Meanwhile the world’s existing reactors, which include many facilities already years beyond their original planned production life, could be reduced in coming years. An April 2011 study by the financial services giant UBS found that as many as 30 nuclear plants, including many in areas of seismic activity, could be shut down by 2016.
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Again, that statement includes enough truth to be dangerous. There are operating units that may end up being forced to shutdown by 2016 by a combination of organized opposition, artificially imposed regulations that ignore the evidence of a lack of seismic vulnerability to damage, and the effects of low natural gas prices.
However, it is false to assert that there are many nuclear plants operating beyond their initial license period of 40 years; Oyster Creek is the oldest currently operating facility in the US and it just recently reached its 40th year of operation.
It is also false to imply that the license period has anything to do with the safe operational longevity of a nuclear power plant. The initial license period established by the Atomic Energy Act of 1954 was a political compromise based more on antitrust considerations than any knowledge of technology limits. After all, there were no operating nuclear power generation facilities at the time it was selected; there was no operating history on which to base the estimate.
However, the most telling indication that Richard Martin is opposed to using nuclear energy in its current proven form to reduce fossil fuel consumption comes in the following sentence:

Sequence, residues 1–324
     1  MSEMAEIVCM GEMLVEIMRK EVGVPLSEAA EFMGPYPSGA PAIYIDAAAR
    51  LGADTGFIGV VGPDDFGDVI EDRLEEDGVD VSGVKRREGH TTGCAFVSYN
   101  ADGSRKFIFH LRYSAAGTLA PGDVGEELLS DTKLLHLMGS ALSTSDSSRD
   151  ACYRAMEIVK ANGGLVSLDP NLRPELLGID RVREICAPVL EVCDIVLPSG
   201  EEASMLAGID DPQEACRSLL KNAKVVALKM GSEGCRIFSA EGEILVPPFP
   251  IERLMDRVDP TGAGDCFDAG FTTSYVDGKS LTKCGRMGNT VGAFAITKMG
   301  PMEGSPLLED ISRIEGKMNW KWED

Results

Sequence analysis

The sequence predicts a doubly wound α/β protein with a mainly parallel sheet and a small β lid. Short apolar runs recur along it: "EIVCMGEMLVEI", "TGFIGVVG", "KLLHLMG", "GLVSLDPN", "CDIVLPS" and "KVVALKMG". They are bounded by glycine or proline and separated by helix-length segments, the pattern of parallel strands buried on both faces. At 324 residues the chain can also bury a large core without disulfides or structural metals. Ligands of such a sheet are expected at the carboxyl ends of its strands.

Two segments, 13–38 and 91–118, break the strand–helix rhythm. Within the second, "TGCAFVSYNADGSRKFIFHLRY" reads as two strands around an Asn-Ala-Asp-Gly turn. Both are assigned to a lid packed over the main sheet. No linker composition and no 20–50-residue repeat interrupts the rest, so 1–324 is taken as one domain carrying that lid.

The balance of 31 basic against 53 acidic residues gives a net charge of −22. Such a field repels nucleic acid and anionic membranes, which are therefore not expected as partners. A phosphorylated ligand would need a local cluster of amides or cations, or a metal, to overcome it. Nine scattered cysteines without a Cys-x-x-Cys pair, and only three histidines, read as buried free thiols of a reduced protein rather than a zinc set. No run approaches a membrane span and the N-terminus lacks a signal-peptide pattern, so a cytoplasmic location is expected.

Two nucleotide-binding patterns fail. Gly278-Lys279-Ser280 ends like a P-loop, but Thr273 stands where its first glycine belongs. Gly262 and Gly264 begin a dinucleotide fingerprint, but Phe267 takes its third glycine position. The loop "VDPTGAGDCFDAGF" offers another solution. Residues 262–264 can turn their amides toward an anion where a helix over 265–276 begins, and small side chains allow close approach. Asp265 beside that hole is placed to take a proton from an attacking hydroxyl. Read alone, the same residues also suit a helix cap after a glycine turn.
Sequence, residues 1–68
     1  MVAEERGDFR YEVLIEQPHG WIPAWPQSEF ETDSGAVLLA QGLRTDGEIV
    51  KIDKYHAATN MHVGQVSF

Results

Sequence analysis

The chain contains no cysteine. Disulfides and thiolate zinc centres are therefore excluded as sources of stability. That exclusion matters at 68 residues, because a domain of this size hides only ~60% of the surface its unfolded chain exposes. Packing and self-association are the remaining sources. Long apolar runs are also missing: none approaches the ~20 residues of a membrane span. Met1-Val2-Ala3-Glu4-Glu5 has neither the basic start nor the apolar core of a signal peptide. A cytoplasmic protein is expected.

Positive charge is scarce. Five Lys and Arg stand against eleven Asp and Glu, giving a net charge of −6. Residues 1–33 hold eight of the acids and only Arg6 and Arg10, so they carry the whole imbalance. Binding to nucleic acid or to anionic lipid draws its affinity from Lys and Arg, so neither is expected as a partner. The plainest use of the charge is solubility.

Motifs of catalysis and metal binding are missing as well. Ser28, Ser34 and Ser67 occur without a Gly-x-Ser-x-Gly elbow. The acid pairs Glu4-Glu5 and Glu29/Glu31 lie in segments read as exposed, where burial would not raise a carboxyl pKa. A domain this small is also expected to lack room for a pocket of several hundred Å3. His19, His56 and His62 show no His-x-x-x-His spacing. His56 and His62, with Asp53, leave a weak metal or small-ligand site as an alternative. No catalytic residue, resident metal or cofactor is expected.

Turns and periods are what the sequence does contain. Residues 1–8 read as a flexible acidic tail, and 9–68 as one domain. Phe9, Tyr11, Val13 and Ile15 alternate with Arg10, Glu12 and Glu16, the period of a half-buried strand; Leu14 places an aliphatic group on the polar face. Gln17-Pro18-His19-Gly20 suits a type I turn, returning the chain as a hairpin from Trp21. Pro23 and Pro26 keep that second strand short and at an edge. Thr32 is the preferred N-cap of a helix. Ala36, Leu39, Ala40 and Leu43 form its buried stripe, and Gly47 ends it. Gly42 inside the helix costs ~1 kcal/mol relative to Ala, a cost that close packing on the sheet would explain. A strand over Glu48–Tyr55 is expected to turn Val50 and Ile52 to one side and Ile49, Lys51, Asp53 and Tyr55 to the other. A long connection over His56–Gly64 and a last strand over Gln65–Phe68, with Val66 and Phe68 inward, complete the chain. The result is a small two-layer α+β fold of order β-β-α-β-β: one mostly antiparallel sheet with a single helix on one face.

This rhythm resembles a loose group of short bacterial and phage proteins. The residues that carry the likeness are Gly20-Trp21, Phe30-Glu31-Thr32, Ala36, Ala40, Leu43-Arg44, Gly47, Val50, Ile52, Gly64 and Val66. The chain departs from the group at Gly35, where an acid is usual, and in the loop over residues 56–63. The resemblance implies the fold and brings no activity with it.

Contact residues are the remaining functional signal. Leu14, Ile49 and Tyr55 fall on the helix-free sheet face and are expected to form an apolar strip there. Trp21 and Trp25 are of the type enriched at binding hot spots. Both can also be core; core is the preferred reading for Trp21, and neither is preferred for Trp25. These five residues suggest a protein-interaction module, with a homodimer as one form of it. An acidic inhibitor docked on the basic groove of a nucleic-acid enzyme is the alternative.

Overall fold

It does no good to build carbon-free thorium reactors if you don’t get rid of the existing nuclear and coal-fired plants.
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Combined with the earlier quote indicating that natural gas still plays a significant role in Martin’s view of an ideal electrical power production and distribution system, I believe that statement tags him as just one more fossil fuel promoting wolf in sheep’s clothing – on a part with Jerry Taylor of the Cato Institute.
Why in the world would anyone who recognizes that conventional light water reactors have an outstanding safety record and generate massive quantities of emission free power at a reasonable cost decide that shutting down existing nuclear plants is a higher priority that shutting down coal plants – and wants to keep on operating natural gas plants into the next century?
The final clue for me about Martin’s true purpose came with a surprisingly frank final paragraph in the acknowledgement section that paid tribute to a rather unusual group – for a pronuclear book.
Finally I want to mention the men who have done the work of the Hydrocarbon Era. I have seen them in their labors all over the world: the roughnecks of Kazakhstan, the pipefitters of the North Slope, the forklift operators of Baku, the geologists of the Colorado Plateau, the deckhands of the Gulf of Mexico. Their blood literally flows in the fuel that powers our cities and our vehicles. Many, many have died to bring power to the world. This book is also for them.
Maybe if a few more “nuclearati” (the sobriquet that Martin uses to refer to people who work in the existing nuclear industry) had died to provide power to the world, we might have earned a tribute in his book as well. Instead, we have earned his distain so strongly that he wants to put us out of work as soon as possible. Go figure.
Additional views of Superfuel
Yes Vermont Yankee – Superfuel: A Book I Wanted to Love
Atomic Power Review – Review: “Super-Fuel: Thorium, the Green Energy Source for the Future”
Overscope – Review: SuperFuel by Richard Martin
Watt’s Up With That – Book Review of “Super Fuel”